Beth HaMedrosh Hagodol-Beth Joseph

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Beth HaMedrosh Hagodol-Beth Joseph, known locally as BMH-BJ or simply BMH, and for a period after 2012 also known as The Denver Synagogue,[1] is a Modern Orthodox, Zionist synagogue in Denver, Colorado.[2]

History[edit]

Beth HaMedrosh Hagodol (BMH-the Great House of Study) originated as a modern Orthodox synagogue in 1897 under the leadership of shoe merchant Henry Plonsky.[3] BMH rented the original Temple Emanuel building at 19th and Curits for holiday services until it purchased the former home of Temple Emanuel in 1898. The building was severely damaged by fire in 1902.

Rabbi Charles Eliezer Hillel Kauvar came to BMH in 1902 and served until 1952. BMH laid the cornerstone of their new building on Rosh Hashanah 1916 and was a major civic event, drawing DU chancellor and former Colorado governor Henry Buchtel, Judge Benjamin Barr Lindsey and former Denver School Superintendent William H. Smiley. The congregation occupied this building until 1966; after BMH left, the building served a variety of uses, falling into increasing disrepair before an extensive remodel in 2008 converted the building into a Messianic Christian church.[4][5] In 1963, BMH secured 6.2 acres (25,000 m2) at 560 S. Monaco Parkway and the building was completed in 1969.

The congregation was a founding member of the United Synagogue of America (now called the United Synagogue of Conservative Judaism), the primary organization of American Conservative Judaism. Rabbi Kauvar was the first vice-president of the organization, and BMH remained affiliated with the Conservative movement until 1955, when Rabbi Kauvar (by then serving as the emeritus rabbi) was influential in causing the congregation to leave the United Synagogue. BMH hired its first Orthodox rabbi in 1956.[6] Stanley M. Wagner became the rabbi in 1972 and BMH joined the Orthodox Union, but it maintained several ritual practices not typically followed at OU-affiliates.[3][7]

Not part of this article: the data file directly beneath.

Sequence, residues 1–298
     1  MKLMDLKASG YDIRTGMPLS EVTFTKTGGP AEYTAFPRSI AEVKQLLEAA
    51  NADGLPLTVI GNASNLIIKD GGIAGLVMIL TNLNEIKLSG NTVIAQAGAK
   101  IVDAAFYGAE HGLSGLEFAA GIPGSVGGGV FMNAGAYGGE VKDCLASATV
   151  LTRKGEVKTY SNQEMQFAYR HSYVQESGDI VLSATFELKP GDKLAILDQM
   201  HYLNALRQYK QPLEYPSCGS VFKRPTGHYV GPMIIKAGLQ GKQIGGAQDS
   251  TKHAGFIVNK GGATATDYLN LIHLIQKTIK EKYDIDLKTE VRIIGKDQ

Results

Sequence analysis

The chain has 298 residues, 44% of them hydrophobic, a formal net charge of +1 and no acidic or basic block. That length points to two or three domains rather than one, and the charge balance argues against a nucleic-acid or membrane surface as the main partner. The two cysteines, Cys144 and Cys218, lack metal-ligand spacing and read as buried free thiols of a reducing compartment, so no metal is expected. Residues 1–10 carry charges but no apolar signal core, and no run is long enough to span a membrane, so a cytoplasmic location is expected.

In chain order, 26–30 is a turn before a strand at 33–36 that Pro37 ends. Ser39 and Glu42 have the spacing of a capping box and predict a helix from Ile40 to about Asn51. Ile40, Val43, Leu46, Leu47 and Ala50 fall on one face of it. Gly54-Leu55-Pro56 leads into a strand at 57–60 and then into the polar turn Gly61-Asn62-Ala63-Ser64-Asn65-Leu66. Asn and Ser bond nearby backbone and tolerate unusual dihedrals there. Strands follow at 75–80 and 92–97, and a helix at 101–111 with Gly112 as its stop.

BMH's Monaco Parkway building was also the home of the Mizel Museum of Judaica, a museum co-founded by Denver businessman Larry Mizel, from the museum's founding in 1982 until it relocated in 2002.[8]

In 2007, BMH merged with Beth Joseph, an Orthodox congregation founded in 1922, to become Beth HaMedrosh Hagodol-Beth Joseph.[9][10]

Prior to resigning its affiliation with the Orthodox Union (OU) at the end of 2015, it was the only OU affiliated synagogue in the country without a mechitza, thus allowing men and women to sit together. It was the only surviving example of a seating style that had previously been present in a substantial number of Orthodox Union affiliated synagogues, and resigned from the OU after learning the organization planned to expel them over the mixed seating issue.[11] Today, BMH-BJ describes itself as an "independent orthodox congregation".[12]

See also[edit]

References[edit]

  1. ^ "BMH-BJ unveils a new logo and identity" Archived September 12, 2015, at the Wayback Machine, Intermountain Jewish News, October 11, 2012.
  2. ^ BMH-BJ entry in "Mile Chai" Synagogue Directory
  3. ^ a b Kerry M. Olitzky, The American Synagogue: A Historical Dictionary and Sourcebook (Greenwood Publishing Group, 1996), ISBN 978-0313288562, pp. 70-71. Excerpts available at Google Books.
  4. ^ Tom Noel, "Hiding the Heritage of a Building", Rocky Mountain News, June 2, 2001  – via HighBeam Research (subscription required).
  5. ^ Andrea Jacobs, "Then, BMH; now . . .church in the city" Archived July 14, 2014, at the Wayback Machine, Intermountain Jewish News, November 20, 2008.
  6. ^ "Kauvar, Charles Eliezer Hillel", Encyclopaedia Judaica (2nd ed., 2007)  – via HighBeam Research (subscription required).
  7. ^ "Wagner, Stanley M.", Encyclopaedia Judaica (2nd ed., 2007)  – via HighBeam Research (subscription required).
  8. ^ Dahlia Jean Weinstein, "Luminaries Mark Mizel Museum's 20th Anniversary", Rocky Mountain News, June 17, 2002  – via HighBeam Research (subscription required).
  9. ^ "Denver", Encyclopaedia Judaica (2nd ed., 2007)  – via HighBeam Research (subscription required).
  10. ^ Mary Voelz Chandler, "Mizel Museum Exhibits Power, Glory of Great Synagogues", Rocky Mountain News, March 16, 1997  – via HighBeam Research (subscription required).
  11. ^ Leppek, Chris. "BMH-BJ resigns from OU, ponders its future direction". Intermountain Jewish News.
  12. ^ "Our Community". BMH-BJ.

External links[edit]

Coordinates: 39°42′20″N 104°54′44″W / 39.70556°N 104.91222°W / 39.70556; -104.91222